Just a jog under the blistering sun through the scorching Sahara
At the peak of summer in midday heat, a strange figure clad in
thermal underwear and a tuque could be spotted slogging along Greater
Victoria's roads and pathways.
Jeff Chand isn't avoiding the sun, he's trying to increase its
The 29-year-old Saanich resident is training for the hottest
seven-day marathon known to man: the Sahara Race.
"This is the toughest one," explained Chand, who also
works full time as a Chinese medicine practitioner and Registered
The Sahara Race in Egypt is part of the international 4 Desert
running series - a collection of footraces that take place across the
largest and most forbidding deserts on Earth. Deserts are divided into
four categories: subtropical, cool coastal, cold winter and polar. The
other races in the series include the Gobi March in China, the Atacama
Crossing in Chile and the Last Desert in Antarctica. Conveniently,
they are also the driest, hottest, coldest and windiest terrains on
This is Chand's first desert race and he picked a doozie.
Temperatures are expected to reach 50 C during the day and drop to
10 C at night. There's snakes, scorpions, blinding salt flats that
look like snow and sand, lots and lots of sand.
"That's what worries me," he said. "It can be so
The 250-kilometre course makes a beeline path across the Sahara
Desert to the pyramids and is divided into four stages. Racers must
complete between 35 to 42 kilometres during each of the first four
stages - roughly the equivalent of a marathon a day, four days in a
row. During the fifth stage, runners must complete 80 kilometres
running through most of the night and part of two days. Grueling -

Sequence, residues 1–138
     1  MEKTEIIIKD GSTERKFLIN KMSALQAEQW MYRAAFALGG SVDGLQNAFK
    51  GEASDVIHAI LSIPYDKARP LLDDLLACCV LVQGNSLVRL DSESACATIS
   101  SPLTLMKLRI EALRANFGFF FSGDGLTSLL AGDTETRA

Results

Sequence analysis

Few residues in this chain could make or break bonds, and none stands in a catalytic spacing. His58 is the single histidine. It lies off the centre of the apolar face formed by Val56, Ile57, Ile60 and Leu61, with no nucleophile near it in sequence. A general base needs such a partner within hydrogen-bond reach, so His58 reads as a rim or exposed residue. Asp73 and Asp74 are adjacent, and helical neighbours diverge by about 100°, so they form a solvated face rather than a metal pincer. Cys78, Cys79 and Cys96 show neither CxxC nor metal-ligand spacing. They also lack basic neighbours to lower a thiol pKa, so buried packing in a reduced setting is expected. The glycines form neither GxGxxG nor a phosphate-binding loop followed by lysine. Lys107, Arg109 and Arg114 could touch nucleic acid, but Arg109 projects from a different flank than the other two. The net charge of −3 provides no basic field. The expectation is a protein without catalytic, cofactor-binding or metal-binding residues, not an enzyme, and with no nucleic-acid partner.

yes, but it makes the sixth and last stage all the sweeter. Within
sight of the pyramids, racers have only 10 kilometres to the finish
During the event, participants must carry their own supplies in a
25-pound pack. At the end of each day, they'll cook their own food
over an open fire and sleep in a tent with nine of the other racers.
But Chand won't be completely alone. His wife, Kristina, will be
volunteering at the race to help cheer him on and the racers often
bond in their down time. According to the race website, many racers
say meeting like-minded friends is the best part of the experience.
The competition is limited to 100 participants from all over the
world. It's first-come, first-served, but Chand had no problems
"There's not too many people chomping at the bit to do this
thing," he joked.
But ever since Chand first heard about the event last February,
he's been doing exactly that.
He recalls visiting the website racingtheplanet.com on a cold
winter night at about 11:30 p.m.
Looks interesting, he thought and crawled into bed. But he couldn't
sleep. He got up again and took a second look at the website and he
spent the rest of the night thinking about "what if?"
"I don't know what it was, but something just made it seem
tangible," he said. "You know when you're reading about
someone summating Mt. Everest or doing something like that - it just
seems so far away. But something made this seem like, maybe I could do
The 4 Desert race series isn't marketed to world-class athletes.
Most of the participants are working professionals who are high
achievers. The race can be run or walked and the emphasis is on
completing the event, rather than getting the best times.
Chand's played pretty much every sport there is and has completed
two marathons, but he's never solely focused on running.
And since he started his training five months ago he's lost 30
He typically logs 95 kilometres a week, alternating between the
hills in Rockland and the Galloping Goose trail.
Chand's not worried about the physical aspect of the experience.
"At some point, it becomes so simple as putting one foot in front
of the other."
However, unable to recreate Cairo conditions in Canada, Chand has
to mentally train himself. "If you're prepared to handle that
mentally, then that's 90 per cent of it."
In addition, he's raising funds for Doctors Without Borders, a
charity organization that provides doctors, emergency relief and
health care to developing countries.
For more information or to donate contact Chand at 384-1700.